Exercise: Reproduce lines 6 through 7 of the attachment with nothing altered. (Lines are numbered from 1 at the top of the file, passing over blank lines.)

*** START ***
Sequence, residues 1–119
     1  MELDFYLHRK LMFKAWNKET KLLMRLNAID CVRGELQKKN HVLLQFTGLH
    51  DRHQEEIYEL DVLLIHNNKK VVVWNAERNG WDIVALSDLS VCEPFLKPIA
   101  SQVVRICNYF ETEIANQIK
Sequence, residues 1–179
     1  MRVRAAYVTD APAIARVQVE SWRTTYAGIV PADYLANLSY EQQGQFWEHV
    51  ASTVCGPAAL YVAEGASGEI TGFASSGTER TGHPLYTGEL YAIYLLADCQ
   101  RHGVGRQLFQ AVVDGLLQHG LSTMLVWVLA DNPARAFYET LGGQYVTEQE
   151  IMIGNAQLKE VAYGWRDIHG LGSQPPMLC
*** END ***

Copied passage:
     1  MRVRAAYVTD APAIARVQVE SWRTTYAGIV PADYLANLSY EQQGQFWEHV
    51  ASTVCGPAAL YVAEGASGEI TGFASSGTER TGHPLYTGEL YAIYLLADCQ